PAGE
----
This motorcycle is made from countertops

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Designer Michael Young penned this concept bike after seeing a collection of Luigi Colani designs, then convincing Dupont that what they really needed to show off the possibilities of Corian was a motorcycle. You see, Michael was tasked with creating a concept showroom and a range of products to highlight potential applications of the space age material. Corian was originally developed in the 1960s as an artificial bone replacement, but has since found favor in kitchens, where its non-porous nature makes it an ideal stain-free granite replacement. Could artificial stone really be used to make a functional motorcycle? Of course not.

“Quite honestly the project was most about having a client willing to let me do what ever I wanted,” Michael told us. “I designed the Corian concept store and told them i would like to model a bike for fun. I did a few concepts for Kymco years back that never got built and I collected a few old cars, so its a little in the blood.”

“The material is so no good to make a bike out of but good to make a study, they obliged , it was a very casual project, though deep in my heart i would love to work as part of a team designing some real bikes.”

“It is just my take on how I would like a bike to look, no deeper message than that. I was looking at some Coloni pieces at a private collection before that, which gave me a buzz and guess I just felt like giving it a go. You are right on the electric bike aspect as it’s more a take on a bike as a product than a machine which suites the skills of the studio very well.”

We like Motolima because it subverts traditional motorcycle design archetypes, drooping towards the tail where most bikes finish in a raised peak and presenting soft, friendly curves where contemporary production bikes are all hard edges. The geometric hexagon pattern, which is sort of a Corian identifier, lends a sense of solidity to parts that are typically plastic and the stone texture of the seat and “engine” are also somewhat subversive. Michael tells us he wasn’t influenced by either the Osmos Rolling Bird or the NONOBJECT Nucleus (in fact, we showed him the first pictures of the Osmos he’d seen), so any resemblance is a coincidence likely caused by product designers applying similar influences to designing a motorcycle.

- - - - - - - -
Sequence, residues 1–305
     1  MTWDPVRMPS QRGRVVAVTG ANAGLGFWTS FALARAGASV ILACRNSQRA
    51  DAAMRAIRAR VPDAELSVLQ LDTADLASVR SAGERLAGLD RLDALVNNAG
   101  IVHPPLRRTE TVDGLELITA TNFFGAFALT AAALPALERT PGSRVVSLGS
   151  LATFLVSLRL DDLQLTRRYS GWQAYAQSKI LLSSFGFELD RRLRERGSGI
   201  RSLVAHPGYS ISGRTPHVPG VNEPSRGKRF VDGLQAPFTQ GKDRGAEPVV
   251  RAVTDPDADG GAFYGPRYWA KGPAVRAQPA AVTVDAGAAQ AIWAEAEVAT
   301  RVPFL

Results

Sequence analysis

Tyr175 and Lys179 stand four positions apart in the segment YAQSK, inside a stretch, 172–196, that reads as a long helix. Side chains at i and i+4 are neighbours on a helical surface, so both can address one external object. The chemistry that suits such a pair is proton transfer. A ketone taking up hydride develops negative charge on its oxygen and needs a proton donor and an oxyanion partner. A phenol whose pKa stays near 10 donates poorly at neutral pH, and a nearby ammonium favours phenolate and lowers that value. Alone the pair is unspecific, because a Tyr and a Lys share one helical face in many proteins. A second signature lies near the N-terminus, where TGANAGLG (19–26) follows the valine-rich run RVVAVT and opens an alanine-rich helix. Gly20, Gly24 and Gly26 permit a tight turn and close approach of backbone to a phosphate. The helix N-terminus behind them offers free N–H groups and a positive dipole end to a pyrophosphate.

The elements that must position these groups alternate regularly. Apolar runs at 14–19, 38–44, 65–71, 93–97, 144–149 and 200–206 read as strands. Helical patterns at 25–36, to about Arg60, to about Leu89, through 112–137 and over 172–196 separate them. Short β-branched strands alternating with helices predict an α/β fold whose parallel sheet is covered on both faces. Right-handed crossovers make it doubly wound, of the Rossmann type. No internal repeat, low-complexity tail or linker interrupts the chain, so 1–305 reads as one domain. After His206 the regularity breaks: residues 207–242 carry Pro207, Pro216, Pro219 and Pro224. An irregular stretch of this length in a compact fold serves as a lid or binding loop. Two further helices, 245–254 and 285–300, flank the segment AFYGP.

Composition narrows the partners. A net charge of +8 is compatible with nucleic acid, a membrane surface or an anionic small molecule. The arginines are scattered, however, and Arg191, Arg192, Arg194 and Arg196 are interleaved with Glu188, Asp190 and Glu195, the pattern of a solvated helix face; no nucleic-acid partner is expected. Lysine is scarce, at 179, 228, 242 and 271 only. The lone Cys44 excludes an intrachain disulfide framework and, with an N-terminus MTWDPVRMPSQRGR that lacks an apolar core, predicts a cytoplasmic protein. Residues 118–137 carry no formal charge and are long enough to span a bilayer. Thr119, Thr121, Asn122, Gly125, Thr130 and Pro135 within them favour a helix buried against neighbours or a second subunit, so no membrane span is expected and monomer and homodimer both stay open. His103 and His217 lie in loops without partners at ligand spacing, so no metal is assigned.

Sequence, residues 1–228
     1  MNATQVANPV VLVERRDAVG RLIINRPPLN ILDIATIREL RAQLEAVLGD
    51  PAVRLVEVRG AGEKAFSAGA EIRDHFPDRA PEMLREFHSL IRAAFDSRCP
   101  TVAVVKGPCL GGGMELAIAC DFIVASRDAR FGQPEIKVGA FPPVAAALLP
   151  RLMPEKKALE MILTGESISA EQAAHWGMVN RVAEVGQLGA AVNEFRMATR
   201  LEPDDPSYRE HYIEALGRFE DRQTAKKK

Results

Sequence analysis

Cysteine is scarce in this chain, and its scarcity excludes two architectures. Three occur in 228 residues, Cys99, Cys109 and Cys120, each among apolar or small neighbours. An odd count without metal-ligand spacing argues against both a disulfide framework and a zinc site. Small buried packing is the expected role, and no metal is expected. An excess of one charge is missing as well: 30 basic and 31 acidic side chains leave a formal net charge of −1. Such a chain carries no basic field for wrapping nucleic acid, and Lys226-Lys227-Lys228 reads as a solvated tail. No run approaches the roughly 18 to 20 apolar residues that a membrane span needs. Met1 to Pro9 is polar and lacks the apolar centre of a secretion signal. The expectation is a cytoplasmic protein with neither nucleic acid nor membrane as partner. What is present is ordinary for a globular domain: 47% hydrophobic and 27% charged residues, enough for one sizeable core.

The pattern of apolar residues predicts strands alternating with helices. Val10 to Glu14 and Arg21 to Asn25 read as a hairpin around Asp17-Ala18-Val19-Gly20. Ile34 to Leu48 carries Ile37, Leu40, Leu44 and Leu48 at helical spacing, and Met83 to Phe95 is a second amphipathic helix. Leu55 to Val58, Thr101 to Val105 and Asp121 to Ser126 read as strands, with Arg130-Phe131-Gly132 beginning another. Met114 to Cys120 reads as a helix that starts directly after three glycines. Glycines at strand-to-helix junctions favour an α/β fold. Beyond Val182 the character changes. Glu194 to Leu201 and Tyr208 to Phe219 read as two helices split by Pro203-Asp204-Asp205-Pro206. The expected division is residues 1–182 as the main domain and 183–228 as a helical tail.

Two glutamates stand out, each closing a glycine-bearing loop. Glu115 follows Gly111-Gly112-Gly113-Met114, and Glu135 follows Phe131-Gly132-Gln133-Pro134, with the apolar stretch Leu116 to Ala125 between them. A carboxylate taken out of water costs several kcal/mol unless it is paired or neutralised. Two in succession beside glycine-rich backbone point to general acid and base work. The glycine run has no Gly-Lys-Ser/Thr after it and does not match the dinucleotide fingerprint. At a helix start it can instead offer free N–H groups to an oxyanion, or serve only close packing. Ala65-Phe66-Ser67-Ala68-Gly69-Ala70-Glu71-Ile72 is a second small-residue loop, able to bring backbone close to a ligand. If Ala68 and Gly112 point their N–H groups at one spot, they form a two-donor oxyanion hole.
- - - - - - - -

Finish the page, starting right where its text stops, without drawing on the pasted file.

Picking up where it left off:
Michael Young

  • Kurt

    Makes the ZX10R seem particularly real-world relevant.

  • JaHo

    Meh. Design for design’s sake. At least it came with a fairly straightforward “just for the hell of it, I like bikes and was tired of kitchens” rather than the usual load of bollocks about how it’s environmentally friendly and powered by a new hydrogen technology that nobody has ever heard of.

  • Ian

    Why do concept bikes always have hubless wheels? This applies to bicycles too. Is there some class in design school where they say, “Hubs and spokes are bad” ?

    • http://greatjoballweek.blogspot.com/ Case

      It comes from the school of “shit that looks cook but doesn’t work”.

      • http://greatjoballweek.blogspot.com/ Case

        *looks cool. har.

    • http://michael.uhlarik@amarokconsultants.com michael uhlarik

      It comes from the school of “insufficient CAD modeling skills” to properly render rims, spokes, and convincing suspension.

      • seanslides

        Like this?

      • http://twowheelsplus.blogspot.com/ andehans

        Haha!

      • bjorn

        haha…a little heavy on the “cerebral” nonsense. Seems like the Karim Rashid school of thought…

  • Your_Mom

    If it’s made from counter-top material, why is it called a motorcycle?

  • slowtire

    Where does the microwave sit?

    • http://michael.uhlarik@amarokconsultants.com michael uhlarik

      right next to the over sized, $150 coffee table book about Italian Shoe Design.